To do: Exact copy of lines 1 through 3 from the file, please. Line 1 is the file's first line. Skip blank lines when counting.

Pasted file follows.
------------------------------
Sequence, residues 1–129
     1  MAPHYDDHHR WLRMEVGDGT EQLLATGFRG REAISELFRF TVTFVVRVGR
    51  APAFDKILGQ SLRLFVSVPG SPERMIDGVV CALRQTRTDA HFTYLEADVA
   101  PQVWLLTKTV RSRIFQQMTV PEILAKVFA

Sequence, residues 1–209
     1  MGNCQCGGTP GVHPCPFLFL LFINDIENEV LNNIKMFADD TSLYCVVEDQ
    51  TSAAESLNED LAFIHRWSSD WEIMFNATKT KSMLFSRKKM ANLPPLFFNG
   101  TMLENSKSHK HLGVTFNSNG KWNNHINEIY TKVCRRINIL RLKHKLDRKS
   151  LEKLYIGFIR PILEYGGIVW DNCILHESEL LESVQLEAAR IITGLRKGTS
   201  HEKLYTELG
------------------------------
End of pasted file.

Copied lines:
Sequence, residues 1–129
     1  MAPHYDDHHR WLRMEVGDGT EQLLATGFRG REAISELFRF TVTFVVRVGR
    51  APAFDKILGQ SLRLFVSVPG SPERMIDGVV CALRQTRTDA HFTYLEADVA